Slash Transport Secretary’s pay after East Coast Main Line debacle, urges Labour

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Labour has called on the Government to slash Transport Secretary Chris Grayling’s pay by £2,400 after the East Coast Main Line debacle.

Shadow transport secretary Andy McDonald moved the motion in the Commons, telling MPs that Mr Graying had “fallen desperately short” in his handling of the franchise agreement with Virgin Trains East Coast (VTEC).

Last week, Mr Grayling announced that services on the line would be overseen by the Department for Transport (DfT) from June 24 after it emerged that VTEC had “got their bid wrong” and could no longer operate the franchise.

In a scathing attack, Mr McDonald accused the Transport Secretary of being “asleep at the wheel” and said he was “incapable of being direct with Members of Parliament and the public alike”.

He said: “Stagecoach knew they wouldn’t meet their revenue targets weeks after taking over the East Coast in March 2015; the company was in constant dialogue with the department about it.

“The Secretary of State has been in post since July 2016 and must have known about this for that period of time. Why did he do nothing? Hasn’t this Transport Secretary been asleep at the wheel?”

He added: “The strategic vision embodies a Secretary of State’s approach to his ministerial brief and to announcements in this House, smoke, mirrors, ambiguities, jargon, technicalities, empty aspirations and discourtesy.

“Like his time at justice, this Secretary of State must hope that he be moved on before his wrecking ball approach to decisions at the DfT reveal their true horrors.

“This Secretary of State seems to be incapable of being direct with Members of Parliament and the public alike.

“Given his track record, is it any wonder that no-one takes the East Coast partnership seriously? Where on earth did he come up with it? In the back of a taxi on the way to Parliament to deliver his statement?”

Virgin trains
Virgin Trains is the third private operator to fail to complete the full length of a contract to run services on the East Coast route (Martin Keene/PA)

GNER was stripped of the route in 2007 after its parent company suffered financial difficulties, while National Express withdrew in 2009.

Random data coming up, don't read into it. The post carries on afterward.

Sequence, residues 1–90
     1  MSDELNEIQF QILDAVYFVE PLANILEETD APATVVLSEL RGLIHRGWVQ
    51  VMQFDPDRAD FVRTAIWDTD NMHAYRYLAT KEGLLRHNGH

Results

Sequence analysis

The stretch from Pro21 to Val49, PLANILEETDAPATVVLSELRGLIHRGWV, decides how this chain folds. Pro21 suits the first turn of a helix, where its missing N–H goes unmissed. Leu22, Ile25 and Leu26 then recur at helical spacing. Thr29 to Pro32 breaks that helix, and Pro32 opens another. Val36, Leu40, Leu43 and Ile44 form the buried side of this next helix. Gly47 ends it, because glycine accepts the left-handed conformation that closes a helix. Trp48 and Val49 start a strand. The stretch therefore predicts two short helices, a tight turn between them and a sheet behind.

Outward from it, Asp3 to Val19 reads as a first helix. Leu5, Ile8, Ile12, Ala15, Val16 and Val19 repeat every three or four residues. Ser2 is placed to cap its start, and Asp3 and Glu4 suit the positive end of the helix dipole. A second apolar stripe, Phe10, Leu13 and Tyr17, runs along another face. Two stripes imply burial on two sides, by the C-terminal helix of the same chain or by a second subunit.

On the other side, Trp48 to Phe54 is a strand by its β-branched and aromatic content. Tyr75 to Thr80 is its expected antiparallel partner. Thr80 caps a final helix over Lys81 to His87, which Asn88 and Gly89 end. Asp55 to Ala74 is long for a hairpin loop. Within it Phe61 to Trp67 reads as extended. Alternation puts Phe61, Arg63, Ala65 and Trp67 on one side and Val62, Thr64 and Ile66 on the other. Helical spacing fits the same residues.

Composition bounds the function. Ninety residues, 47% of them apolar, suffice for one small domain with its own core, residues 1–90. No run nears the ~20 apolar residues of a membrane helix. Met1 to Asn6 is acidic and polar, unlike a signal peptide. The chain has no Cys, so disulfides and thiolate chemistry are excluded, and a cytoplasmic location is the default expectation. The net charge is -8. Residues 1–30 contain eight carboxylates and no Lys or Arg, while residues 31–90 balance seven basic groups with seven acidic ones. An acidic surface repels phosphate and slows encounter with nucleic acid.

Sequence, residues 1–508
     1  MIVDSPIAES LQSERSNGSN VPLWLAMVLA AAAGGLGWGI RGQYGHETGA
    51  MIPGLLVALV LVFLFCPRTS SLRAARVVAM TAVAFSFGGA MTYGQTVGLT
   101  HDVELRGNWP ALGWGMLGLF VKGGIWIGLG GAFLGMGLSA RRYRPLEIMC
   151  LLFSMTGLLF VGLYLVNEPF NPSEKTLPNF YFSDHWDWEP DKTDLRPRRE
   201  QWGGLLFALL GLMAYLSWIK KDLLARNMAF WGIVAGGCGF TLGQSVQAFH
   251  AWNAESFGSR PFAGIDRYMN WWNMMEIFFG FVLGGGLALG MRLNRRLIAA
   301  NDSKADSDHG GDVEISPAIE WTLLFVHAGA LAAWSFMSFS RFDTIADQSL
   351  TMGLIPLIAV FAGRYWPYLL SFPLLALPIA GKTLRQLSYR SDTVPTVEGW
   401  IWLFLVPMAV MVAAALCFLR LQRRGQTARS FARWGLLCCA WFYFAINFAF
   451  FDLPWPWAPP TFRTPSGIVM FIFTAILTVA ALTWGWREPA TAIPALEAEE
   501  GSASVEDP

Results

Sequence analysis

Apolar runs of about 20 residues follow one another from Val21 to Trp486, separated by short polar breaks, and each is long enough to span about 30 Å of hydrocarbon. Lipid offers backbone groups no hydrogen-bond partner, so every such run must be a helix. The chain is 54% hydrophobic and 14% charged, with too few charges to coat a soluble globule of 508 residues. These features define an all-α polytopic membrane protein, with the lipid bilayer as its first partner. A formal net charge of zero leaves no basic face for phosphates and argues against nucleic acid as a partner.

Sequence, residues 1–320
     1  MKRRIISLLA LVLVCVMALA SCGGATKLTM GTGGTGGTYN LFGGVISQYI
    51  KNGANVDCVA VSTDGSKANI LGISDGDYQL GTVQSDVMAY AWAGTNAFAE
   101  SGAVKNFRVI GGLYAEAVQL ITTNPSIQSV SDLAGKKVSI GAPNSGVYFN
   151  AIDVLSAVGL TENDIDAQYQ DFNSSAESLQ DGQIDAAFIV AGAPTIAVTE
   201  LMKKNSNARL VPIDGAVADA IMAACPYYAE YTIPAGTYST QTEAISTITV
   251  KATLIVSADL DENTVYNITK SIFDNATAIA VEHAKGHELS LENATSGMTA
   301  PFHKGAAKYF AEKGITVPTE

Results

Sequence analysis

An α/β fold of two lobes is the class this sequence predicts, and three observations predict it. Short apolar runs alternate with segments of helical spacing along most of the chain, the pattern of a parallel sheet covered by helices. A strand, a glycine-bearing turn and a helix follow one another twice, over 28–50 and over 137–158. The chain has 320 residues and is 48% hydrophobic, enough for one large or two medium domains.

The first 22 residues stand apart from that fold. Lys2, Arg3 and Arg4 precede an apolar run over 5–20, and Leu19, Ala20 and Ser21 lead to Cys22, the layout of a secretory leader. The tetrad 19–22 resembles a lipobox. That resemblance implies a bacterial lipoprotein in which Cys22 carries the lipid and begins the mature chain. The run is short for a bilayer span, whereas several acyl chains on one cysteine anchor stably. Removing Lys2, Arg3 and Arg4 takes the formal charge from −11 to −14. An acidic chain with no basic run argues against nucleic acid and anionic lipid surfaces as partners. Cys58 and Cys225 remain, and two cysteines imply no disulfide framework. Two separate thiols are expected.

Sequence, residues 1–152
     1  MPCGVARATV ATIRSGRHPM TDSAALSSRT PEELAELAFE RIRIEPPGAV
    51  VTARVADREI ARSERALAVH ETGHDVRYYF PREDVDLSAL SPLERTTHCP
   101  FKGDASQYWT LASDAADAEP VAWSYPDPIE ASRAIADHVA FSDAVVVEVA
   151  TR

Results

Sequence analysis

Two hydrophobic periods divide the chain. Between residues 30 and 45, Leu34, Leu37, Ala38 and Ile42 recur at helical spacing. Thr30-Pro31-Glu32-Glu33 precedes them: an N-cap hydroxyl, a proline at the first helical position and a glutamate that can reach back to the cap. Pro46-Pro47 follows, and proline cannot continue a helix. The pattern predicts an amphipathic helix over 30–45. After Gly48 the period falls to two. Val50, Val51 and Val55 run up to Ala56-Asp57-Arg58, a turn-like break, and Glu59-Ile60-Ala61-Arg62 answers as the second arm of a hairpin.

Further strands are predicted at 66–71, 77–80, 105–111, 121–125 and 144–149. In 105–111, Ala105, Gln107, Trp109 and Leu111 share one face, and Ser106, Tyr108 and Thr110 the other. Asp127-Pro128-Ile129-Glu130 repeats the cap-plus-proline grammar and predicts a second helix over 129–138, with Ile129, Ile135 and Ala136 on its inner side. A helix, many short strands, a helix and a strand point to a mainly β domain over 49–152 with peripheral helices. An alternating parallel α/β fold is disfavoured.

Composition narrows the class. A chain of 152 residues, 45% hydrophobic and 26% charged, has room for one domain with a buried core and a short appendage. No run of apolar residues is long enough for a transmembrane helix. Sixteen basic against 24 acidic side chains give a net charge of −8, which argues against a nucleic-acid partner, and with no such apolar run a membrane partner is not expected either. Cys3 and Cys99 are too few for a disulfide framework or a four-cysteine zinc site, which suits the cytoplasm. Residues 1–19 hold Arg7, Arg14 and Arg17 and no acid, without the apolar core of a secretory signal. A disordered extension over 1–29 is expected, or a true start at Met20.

Services were run by the DfT for six years until VTEC took over in 2015.

Mr Grayling dismissed Labour’s motion, turning to Tory backbenchers to say it was “a lot incoherence”.

He said: “I’m not going to go through line by line the process I’ve been through in the last few months to reach what I believe is the right position for taxpayers and passengers and employees.

“I have been struck by how little Labour understands how the process for a situation like this has to be managed and indeed how little they appear to understand the financial structure of franchising or rail laws or the fact that Government has to operate within the legalities of the contracts and the laws that exist.”

The motion to slash Mr Grayling’s pay by £2,400 was set to be voted on by MPs on Wednesday afternoon.

Mr Grayling later said he is not intending to permanently renationalise the East Coast main line.

He said: “It’s not my intention that this is a permanent arrangement, but what I am saying – and said all along – is when we move ahead with the full future shape of the LNER we’re not going to do everything exactly in the same way because what’s been done in the past on this railway hasn’t worked and I don’t intend to do it again.”

Labour’s Chi Onwurah (Newcastle upon Tyne Central) said: “The Conservatives are ideologically constipated on free markets to the extent that they cannot see the reality of our rail network and what it needs.”

Chi Onwurah attacked the Government's rail policies (PA)
Chi Onwurah attacked the Government’s rail policies (PA)

Paula Sherriff, Labour MP for Dewsbury, said: “I’m quite worried that if we continue to say to the Secretary of State that we’ll cut his pay if he continues some of the incompetencies, that he will actually turn out to be on less than the minimum wage by that point.”

Tory Simon Hoare (North Dorset) said: “If there is any ideology that underpins this debate, it is the vindictiveness of some pettifogging deduction of a ministerial salary.

“(But) an ideology that British Rail was marvellous, that nationalised is best, that the private sector doesn’t know what it is doing.

“It is going backwards and we all know that trains going backwards are not the ideal way of making progress in transport terms, unless of course you are shunting into the sidings, a mode and direction of travel which I hope the Labour Party continues.”

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